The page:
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Performance Specialists Since 1963

Dead of Winter

2019-01-11 - Scott Hart

Disclaimer: Direct from ipd’s Tech Tip archive!  This tech tip contains information from previous publications.  Products mentioned may not be available or the information may not be accurate due to changes in supply, manufacturing, or part number association.  Please contact ipd Customer Support if you have further questions.

Do you know why they call it dead of winter? I think it's because car parts like to wait until the coldest day of the year to return to that great parts shelf in the heavens. If you live where a cold winter day means frost on the windshield, you probably won't find much of this relevant, however if you live where a car can get perma-nently frozen to the ground, read on.

Preparation is the key to automotive survival in cold climates. You don't want to be changing your windshield wipers in 30 degree below weather or jump starting your car when booster cables become rock solid and inflexible, making the task a major undertaking.

The Easy Stuff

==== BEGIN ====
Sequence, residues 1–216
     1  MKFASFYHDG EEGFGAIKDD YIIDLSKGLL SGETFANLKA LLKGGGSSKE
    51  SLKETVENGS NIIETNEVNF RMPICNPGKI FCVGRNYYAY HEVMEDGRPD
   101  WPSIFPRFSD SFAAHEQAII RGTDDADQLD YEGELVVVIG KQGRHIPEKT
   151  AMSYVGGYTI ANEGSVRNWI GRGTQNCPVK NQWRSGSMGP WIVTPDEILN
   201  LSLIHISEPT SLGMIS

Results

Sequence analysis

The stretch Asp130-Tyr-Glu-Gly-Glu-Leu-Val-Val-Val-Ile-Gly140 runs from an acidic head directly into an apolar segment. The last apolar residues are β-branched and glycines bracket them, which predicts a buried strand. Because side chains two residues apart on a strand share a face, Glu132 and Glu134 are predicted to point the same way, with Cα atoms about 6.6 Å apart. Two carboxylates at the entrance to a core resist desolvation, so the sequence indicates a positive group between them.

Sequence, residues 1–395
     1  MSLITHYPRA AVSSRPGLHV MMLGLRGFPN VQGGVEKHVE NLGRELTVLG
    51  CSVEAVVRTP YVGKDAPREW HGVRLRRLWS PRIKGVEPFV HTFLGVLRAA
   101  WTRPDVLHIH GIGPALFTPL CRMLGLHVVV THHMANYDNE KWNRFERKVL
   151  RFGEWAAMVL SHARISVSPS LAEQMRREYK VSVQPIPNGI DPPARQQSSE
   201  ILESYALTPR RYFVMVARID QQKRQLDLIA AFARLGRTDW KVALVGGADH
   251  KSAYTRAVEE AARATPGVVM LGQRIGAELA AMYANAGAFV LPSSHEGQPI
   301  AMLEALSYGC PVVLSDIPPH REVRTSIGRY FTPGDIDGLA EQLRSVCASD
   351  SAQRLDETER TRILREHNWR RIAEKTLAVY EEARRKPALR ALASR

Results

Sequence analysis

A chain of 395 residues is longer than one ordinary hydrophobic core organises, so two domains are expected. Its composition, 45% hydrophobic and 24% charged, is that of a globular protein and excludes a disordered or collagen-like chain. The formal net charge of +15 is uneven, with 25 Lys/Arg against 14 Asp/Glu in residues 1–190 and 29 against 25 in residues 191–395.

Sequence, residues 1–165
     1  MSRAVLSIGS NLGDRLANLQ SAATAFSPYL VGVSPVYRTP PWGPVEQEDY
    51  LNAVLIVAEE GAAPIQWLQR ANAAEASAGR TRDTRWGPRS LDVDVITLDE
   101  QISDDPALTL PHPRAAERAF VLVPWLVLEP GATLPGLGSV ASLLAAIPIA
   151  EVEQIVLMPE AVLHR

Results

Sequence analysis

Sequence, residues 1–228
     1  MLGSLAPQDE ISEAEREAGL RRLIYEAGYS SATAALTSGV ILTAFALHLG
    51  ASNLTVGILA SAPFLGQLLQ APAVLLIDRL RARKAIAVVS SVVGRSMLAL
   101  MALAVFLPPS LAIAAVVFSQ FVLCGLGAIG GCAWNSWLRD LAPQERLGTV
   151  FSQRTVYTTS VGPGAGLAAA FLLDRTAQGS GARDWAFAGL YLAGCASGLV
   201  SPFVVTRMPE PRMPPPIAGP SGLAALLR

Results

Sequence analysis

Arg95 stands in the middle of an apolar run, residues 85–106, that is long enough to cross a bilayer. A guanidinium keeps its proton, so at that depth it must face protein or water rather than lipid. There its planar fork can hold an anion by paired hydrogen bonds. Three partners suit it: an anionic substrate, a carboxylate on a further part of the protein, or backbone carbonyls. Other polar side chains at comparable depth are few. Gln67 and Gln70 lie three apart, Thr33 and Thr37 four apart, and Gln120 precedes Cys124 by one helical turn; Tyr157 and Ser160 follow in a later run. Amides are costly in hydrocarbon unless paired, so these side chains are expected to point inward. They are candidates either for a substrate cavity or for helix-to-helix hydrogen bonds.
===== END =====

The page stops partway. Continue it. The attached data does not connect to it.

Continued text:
Don't forget the anti-freeze, but don't over do it. Too much antifreeze can be just as harmful to your engine as not enough. Read and follow the instructions on the container. Be sure that your wiper wash fluid is topped off with a good winter fluid that won't freeze in the container or on the windshield. Put on a fresh set of wipers since they get a lot of abuse this time of year and clear vision is critical to your safety in avoiding winter emergencies. Your car's battery works triple time during the winter. Have it and its connections checked by a reputable auto electric shop. Have them check your belts and hoses as well, as they are under more stress this time of year and if marginal can easily leave you stranded. The exhaust is often overlooked in the winter as it is just too cold to worry about. Have it checked for leaks for the following reason. If you slide off the road and have to wait for any significant time for help, a leak can let carbon monoxide build up inside of the car and the results can be deadly. If you are in a real cold climate where the temperature spends several days below freezing, find out what the locals are using to keep their cars warm. Most common is an englne block heater. These usually require professional installation as they replace an engine soft plug. Some magnetic stick-on units are also available. Your local dealer or independent Volvo repair shop should be able to help. Make sure your heater/defroster is in good condition. Always scrape and defrost all window before driving. If the only clear area on your windshield is the size of a bread box, you'll be an accident waiting to happen!